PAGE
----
2. That certainly seems to be the case. I think that the political calculation for someone like Carson is to position himself to have a good response to questions about why gays shouldn’t be protected like racial minorities have been. If he can say “being black is not a choice like being gay is”, he has an easy answer to that.

          1. Then how does he approach protection of religious minorities?

        3. I’d be perfectly fine conceding that both nature and nuture play a role in virtually every manifestation of human behavior, and the role each plays for any particular behavior evident in any particular person is fluid and varies widely.

          Recognizing that the influence of nurture isn’t a choice per se but an artifact of society and conditioning seems perfectly reasonable.

          But the better answer is who fucking cares and what relevance does it have to the presidency?

        4. The fact that some people change their preference late in life doesn’t prove it’s a choice, but it is strong evidence against its being genetic.

    3. Remember, a few Gadsden flags at a Tea Party rally means the movement is racist and secessionist but thousands of actual communists marching in New York City for climate change tells us nothing about the climate change movement.

      1. What the fuck does the Gadsden flag have to do with either racism or secessionism? It’s a direct reference to the American Revolution, not the Civil War.

        1. 100 years ago is 100 years ago!

        2. YOU. RACIST. MONSTER!!!!!


          I JUST….

          I JUSST…



        3. Because some conservative and possibly racist militias have used it. So it must be bad. Even though plenty of racists use the regular US flag too.

        4. The “Revolutionary” war was secession. Don’t tell a Government funded history professor that.

    4. If the GOP would jettison the retarded SoCon/culture warrior fuckery once and for all, they’d stop getting defined by the things those nutbags say.

      1. True, but they’d also lose a lot of elections.

        1. They’d lose pretty much all of them.

        2. I suspect fewer than you’d think. If anything, it’s the culture warrior crap that keeps costing them the White House.

          Reagan used to talk generally about his faith, so idiots like Huckabee and Santorum assumed that meant it’s a good idea for Republicans to rail about the evils of all the things they don’t like. They missed the point that people liked Reagan because he wasn’t particularly preachy on that stuff…because Reagan wasn’t an idiot.

          1. True. Reagan had excellent political instinct until his mind rotted from Alzhiemers. His followers do not at all.

            1. Sorta like Ted Kennedy until he completely pickled his liver. Well, there was the Mary Jo Kopechnik incident and the sexual assault with former Conn Senator Dodd (D). And his defense of his nephew Skakel. As well as when he got expelled from Harvard for cheating. Maybe the liberal lion wasn’t so hot ever.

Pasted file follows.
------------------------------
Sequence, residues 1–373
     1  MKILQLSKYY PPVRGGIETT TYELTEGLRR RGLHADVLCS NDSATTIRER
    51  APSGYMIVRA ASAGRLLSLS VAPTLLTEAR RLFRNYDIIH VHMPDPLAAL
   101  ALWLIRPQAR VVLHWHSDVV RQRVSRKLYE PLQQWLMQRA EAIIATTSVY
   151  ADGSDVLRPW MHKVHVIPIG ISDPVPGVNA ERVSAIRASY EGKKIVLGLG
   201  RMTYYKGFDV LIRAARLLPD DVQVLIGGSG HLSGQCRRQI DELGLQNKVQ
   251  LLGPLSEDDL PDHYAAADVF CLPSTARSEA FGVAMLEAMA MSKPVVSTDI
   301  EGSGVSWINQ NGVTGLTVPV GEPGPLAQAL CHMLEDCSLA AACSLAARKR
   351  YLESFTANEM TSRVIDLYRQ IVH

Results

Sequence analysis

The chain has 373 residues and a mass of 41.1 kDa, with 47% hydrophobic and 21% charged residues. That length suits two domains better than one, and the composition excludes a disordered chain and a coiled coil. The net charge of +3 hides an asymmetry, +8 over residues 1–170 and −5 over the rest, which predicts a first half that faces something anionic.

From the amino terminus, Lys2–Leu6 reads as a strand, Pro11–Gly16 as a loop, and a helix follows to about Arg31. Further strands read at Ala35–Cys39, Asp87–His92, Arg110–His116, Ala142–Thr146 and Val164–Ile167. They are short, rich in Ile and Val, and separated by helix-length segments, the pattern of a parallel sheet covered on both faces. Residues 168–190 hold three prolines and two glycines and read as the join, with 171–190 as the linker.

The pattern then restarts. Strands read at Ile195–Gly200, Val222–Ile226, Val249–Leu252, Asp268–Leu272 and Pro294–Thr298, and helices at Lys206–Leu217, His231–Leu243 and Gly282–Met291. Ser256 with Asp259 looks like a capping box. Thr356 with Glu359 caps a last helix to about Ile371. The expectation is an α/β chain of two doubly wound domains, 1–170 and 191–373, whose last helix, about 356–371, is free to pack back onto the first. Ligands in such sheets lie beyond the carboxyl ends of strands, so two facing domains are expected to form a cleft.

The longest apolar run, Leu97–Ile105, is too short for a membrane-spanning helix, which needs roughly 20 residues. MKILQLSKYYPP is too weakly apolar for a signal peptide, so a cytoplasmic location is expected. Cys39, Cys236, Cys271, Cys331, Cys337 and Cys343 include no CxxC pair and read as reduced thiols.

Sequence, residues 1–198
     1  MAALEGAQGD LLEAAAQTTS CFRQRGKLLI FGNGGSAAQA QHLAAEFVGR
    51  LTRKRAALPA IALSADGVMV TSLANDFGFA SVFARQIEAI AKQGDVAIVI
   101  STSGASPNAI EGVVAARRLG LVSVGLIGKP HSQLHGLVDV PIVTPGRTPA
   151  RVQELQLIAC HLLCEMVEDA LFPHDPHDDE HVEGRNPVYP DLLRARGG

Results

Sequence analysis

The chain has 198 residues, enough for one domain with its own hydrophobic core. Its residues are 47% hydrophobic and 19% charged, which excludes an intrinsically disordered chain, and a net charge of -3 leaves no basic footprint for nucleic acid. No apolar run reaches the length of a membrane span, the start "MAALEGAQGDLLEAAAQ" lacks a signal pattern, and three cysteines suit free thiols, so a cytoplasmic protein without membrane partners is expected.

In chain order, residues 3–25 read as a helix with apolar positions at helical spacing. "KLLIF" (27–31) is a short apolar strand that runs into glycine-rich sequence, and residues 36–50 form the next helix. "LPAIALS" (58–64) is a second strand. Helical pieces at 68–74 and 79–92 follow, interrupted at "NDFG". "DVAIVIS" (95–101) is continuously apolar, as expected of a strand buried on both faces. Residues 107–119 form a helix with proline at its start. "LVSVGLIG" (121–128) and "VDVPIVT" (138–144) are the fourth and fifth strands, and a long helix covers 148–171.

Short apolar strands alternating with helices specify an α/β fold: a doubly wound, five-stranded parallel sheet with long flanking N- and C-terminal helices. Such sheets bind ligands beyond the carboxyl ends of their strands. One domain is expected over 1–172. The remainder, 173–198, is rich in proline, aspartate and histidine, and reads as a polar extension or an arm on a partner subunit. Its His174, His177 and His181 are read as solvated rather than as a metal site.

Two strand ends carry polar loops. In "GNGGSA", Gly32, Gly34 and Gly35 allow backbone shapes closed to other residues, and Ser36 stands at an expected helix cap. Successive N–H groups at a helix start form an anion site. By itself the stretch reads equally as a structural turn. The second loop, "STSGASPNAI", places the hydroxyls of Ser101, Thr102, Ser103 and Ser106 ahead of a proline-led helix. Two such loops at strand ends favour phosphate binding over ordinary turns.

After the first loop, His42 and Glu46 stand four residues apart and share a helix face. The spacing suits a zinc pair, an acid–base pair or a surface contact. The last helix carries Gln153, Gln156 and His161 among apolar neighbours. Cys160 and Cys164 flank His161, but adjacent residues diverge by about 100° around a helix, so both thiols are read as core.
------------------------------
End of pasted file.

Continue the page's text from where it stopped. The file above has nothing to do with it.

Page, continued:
2. He wasn’t really a religious fanatic either. Some of these
            others are.

            1. He was very religious. He just didn’t believe in shoving it down other people’s throats and throwing it in other people’s faces.

              What some might call an *actual* Christian.

        3. Why? Who are the retarded SoCon/culture warriors going to vote for, the Dems?

          1. Why? Who are the retarded SoCon/culture warriors going to vote for, the Dems?

            They could conceivably form a 3rd party, but I doubt it’d gain much electoral traction. Plus there’d be no growth potential, since SoCon views are a diminishing minority.

            1. No, I think there’s something approximating a steady state for the foreseeable future in “SoCon views”, because they’re not the same views over time. As the front keeps moving, it takes in new people who were formerly socially liberal or moderates, at the same time it loses old people from death or resignation. The culture war keeps being fought over different things, not the same things forever.

      2. …they’d stop getting defined by the things those nutbags say.

        Maybe those nutbags. But, then the press would simply target another GOP constituency as the nutbags.

        1. The Republican Party needs to get over it’s ‘media persecution’ complex. It’s overblown and used as a constant excuse for their own shortcomings.

          1. Recognizing that the media, as a rule, is hostile isn’t a persecution complex. It’s just a recognition of reality that needs to be acknowledged.

            1. I think it’s greatly overblown and has become something like a ready-go to complaint/victimization claim. It’s like how the left complains that the Right owns talk radio.

              1. You are aware, I assume, that a UCLA study found the big three networks as biased to the left as Fox is biased to the right?


                1. Who cares? I mean, really. Again, it’s like when leftists complain that the Right has this advantage because of talk radio. Get your message out some other way.

                  1. And part of that is recognizing that you aren’t going to get a fair treatment from hostile sources. So, catering to approval from the press is stupid for Republicans. Which was my original point.

                    1. I wouldn’t cater to them, I just wouldn’t constantly complain about them either.

                    2. Cause you are a fucking twit, Bo.

                      The media hates team red (as do I).

                      You constantly suck the dicks of mass media that exists to promote the canklemeister for pres in 16.

                      Own it dude.

                    3. Of course you wouldn’t complain about the media, Bo. You want the Republicans to lose.

                      But, any Republican who wants to get elected has to know that he’s got to marginalize or neutralize the media as a force multiplier for his opposition.

              2. The right does own talk radio, and for good reason.

                1. Yes they do. But what is that reason?